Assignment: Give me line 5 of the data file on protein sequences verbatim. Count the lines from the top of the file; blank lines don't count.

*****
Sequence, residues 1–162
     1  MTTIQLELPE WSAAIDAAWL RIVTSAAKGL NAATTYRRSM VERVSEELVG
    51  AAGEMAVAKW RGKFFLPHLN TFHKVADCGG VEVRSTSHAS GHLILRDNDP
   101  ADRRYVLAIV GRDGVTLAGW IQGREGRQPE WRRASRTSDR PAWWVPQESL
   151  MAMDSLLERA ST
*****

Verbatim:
   151  MAMDSLLERA ST